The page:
It's not unusual for someone to die while owing taxes to the Internal Revenue Service. Money owed may fall into one or more categories:
As the saying goes, "Only two things in life are certain: Taxes and death." And even taxes can survive after death! That's because a deceased person's estate must pay any taxes that are owed before money can legally be distributed to heirs.
Most tax preparers will be familiar with filing income taxes on behalf of a deceased person and with filing an estate tax return.
However, if the deceased person owed back taxes, the estate's executor should hire a tax lawyer who's experienced handling issues related to tax debt and tax collection efforts.
When a person owes back taxes to the Internal Revenue Service, then the IRS will put a tax lien on the person's home, car or other valuable assets. A lien is a type of legal claim to a person's assets, and prevents the assets from being sold or transferred to another person until the debt is paid off.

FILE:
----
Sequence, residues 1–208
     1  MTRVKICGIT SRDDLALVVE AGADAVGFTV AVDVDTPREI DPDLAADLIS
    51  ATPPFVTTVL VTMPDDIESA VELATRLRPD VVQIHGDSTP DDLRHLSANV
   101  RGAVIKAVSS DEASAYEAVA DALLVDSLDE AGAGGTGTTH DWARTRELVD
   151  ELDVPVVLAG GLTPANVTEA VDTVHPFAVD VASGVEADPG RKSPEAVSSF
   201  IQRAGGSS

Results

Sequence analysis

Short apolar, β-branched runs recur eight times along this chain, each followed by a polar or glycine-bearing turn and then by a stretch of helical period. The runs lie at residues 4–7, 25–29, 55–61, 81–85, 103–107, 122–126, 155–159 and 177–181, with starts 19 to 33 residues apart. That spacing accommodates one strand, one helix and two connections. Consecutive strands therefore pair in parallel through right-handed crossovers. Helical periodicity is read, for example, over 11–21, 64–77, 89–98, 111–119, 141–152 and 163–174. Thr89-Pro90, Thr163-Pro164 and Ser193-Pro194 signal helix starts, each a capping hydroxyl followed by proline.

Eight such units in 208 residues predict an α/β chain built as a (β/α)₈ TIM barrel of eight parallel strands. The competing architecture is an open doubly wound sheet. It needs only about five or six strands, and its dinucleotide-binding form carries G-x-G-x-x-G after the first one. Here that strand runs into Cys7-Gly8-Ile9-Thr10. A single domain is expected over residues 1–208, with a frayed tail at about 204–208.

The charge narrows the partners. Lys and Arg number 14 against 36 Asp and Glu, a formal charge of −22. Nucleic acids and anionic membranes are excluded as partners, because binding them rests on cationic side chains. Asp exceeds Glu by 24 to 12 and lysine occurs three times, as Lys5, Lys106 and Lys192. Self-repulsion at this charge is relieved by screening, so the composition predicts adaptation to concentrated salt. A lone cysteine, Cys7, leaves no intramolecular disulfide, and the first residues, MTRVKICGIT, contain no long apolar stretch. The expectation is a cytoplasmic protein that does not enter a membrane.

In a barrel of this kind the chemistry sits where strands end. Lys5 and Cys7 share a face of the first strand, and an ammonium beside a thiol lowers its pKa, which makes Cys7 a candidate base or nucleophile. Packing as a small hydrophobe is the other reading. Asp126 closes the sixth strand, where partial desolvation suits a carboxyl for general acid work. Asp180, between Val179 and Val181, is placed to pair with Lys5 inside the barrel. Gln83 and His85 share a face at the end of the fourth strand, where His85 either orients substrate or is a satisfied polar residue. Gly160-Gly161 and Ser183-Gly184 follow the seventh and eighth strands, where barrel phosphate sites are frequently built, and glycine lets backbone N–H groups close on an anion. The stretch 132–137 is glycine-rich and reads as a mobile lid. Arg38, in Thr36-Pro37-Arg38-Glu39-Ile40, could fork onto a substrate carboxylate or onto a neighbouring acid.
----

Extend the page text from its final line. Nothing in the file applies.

For example, suppose the IRS has put a tax lien on a person's house. The person passes away and in his last will and testament leaves the home to his son. The executor of the estate must first pay outstanding debts before inheritances can be distributed. If the estate has enough cash, it would pay the tax debt and the IRS would lift the tax lien, allowing ownership of the house to be transferred to the son. But if the estate doesn't have enough cash to pay the IRS, then the IRS can seize the house.
Similarly, suppose the estate has filed a wrongful death lawsuit against the person responsible for the individual's death. If the lawsuit is successful, the money that's won must first be used to satisfy the tax debt. Any money that remains can then be shared by survivors.
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